Human Rights for Pragmatists: Social Power in Modern Times
Mainstream human rights activists typically attribute the signature successes of their movement—anti-slavery, Gandhi, Martin Luther King—to their uncompromisingly principled stance on behalf of the weak and the exploited. “Naming and shaming” and “ending impunity” loom large in their lore. This attitude works well to recruit idealistic activists, but their moralism, legalism, and secular universalism miss the central role of the self-interest of the majority in powering the progress of human rights. A core of idealists defined aspirational goals, but progress depended on support from majority mass movements and reform parties that gained power through expedient compromise.
The human rights enterprise is now facing fierce pushback from illiberal strongmen and populists who counter-shame the liberal order as decadent, degenerate, and threatening to deeply rooted values. Too often contemporary rights rhetoric plays into the hands of these illiberal critics. “Human Rights for Pragmatists” explains how rights-based societies can recover a more accurate narrative of their past pragmatic successes, repair their tactical flaws, and withstand illiberal challenges.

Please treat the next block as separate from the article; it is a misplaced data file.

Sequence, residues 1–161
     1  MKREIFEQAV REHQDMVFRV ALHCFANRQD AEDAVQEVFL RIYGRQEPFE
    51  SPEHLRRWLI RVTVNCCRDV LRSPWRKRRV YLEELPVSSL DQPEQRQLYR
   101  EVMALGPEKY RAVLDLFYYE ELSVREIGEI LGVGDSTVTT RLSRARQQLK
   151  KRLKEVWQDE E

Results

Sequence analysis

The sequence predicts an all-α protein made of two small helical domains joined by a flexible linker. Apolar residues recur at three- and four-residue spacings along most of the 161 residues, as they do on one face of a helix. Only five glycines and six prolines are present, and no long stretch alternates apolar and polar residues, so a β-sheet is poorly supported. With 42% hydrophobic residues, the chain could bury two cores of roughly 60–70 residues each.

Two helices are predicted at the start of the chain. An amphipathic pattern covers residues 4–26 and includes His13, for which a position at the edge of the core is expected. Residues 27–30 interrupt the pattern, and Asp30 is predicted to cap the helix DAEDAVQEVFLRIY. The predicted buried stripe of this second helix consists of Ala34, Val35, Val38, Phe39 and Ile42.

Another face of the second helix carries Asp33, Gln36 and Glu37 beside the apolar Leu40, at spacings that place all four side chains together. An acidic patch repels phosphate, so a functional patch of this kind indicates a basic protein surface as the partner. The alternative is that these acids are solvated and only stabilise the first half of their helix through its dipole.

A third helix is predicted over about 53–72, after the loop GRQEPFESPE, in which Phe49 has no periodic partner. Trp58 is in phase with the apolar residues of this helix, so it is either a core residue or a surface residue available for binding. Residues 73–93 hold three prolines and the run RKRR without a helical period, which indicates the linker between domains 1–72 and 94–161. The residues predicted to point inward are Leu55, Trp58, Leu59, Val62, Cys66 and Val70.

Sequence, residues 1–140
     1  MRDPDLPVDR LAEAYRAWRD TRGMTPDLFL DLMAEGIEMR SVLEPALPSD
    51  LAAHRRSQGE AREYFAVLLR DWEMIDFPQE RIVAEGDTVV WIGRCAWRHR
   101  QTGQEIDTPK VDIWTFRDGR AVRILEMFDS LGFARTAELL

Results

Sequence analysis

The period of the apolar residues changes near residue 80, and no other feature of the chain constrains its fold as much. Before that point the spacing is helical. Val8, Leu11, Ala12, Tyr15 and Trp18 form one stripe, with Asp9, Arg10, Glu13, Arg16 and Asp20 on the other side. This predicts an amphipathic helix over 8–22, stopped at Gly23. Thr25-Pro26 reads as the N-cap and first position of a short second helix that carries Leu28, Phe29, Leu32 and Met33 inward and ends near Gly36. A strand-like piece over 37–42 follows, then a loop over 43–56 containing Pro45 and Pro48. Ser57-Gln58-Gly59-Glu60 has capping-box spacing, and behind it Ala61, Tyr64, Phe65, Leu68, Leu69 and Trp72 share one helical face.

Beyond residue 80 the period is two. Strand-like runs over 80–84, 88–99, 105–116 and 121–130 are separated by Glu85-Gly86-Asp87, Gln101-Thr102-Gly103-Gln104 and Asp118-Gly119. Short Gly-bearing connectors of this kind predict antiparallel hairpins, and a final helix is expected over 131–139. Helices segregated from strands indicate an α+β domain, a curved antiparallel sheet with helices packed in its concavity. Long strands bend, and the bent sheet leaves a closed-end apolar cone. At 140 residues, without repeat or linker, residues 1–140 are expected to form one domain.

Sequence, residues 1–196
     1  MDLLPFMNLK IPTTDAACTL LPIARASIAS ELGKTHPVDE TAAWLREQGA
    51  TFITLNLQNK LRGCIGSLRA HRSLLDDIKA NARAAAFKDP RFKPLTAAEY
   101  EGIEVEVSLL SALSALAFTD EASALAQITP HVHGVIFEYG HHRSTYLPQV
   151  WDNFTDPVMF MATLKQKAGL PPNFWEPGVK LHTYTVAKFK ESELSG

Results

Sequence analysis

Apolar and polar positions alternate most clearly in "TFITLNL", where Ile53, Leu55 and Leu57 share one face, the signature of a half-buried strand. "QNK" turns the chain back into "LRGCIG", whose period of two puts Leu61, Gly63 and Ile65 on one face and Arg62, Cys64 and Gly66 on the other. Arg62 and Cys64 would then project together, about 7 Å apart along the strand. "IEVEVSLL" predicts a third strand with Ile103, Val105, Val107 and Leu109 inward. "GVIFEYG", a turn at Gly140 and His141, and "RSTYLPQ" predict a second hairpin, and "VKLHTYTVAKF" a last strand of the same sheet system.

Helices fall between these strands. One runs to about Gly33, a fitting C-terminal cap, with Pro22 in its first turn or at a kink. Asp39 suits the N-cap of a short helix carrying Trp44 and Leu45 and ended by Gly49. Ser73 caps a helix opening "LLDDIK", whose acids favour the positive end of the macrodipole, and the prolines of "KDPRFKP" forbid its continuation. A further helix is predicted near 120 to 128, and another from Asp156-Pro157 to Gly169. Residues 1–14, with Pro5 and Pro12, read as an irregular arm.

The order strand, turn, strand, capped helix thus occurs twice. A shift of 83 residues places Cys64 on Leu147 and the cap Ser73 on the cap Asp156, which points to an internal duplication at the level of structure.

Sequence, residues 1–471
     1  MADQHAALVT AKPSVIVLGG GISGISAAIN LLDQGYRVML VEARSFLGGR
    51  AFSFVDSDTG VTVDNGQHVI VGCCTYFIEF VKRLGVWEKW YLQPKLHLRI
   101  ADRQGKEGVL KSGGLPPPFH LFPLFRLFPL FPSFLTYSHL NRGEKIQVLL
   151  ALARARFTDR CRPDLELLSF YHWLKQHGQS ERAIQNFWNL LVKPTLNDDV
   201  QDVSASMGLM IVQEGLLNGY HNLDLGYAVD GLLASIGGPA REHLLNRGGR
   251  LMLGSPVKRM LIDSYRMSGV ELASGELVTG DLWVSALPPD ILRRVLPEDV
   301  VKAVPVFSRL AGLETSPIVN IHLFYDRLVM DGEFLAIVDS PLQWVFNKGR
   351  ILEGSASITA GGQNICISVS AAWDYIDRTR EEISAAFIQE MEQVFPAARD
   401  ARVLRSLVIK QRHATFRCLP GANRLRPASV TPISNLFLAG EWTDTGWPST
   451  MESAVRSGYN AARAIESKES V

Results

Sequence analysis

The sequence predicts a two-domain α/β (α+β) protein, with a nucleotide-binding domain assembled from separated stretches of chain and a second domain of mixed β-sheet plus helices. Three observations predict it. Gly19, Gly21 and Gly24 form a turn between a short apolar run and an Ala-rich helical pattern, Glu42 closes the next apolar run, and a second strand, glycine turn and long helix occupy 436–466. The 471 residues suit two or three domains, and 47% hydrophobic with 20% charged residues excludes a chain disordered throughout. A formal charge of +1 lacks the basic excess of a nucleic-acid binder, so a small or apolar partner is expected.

Jack Lewis Snyder is the Robert and Renée Belfer Professor of International Relations in the Department of Political Science and the Saltzman Institute of War and Peace Studies at Columbia.
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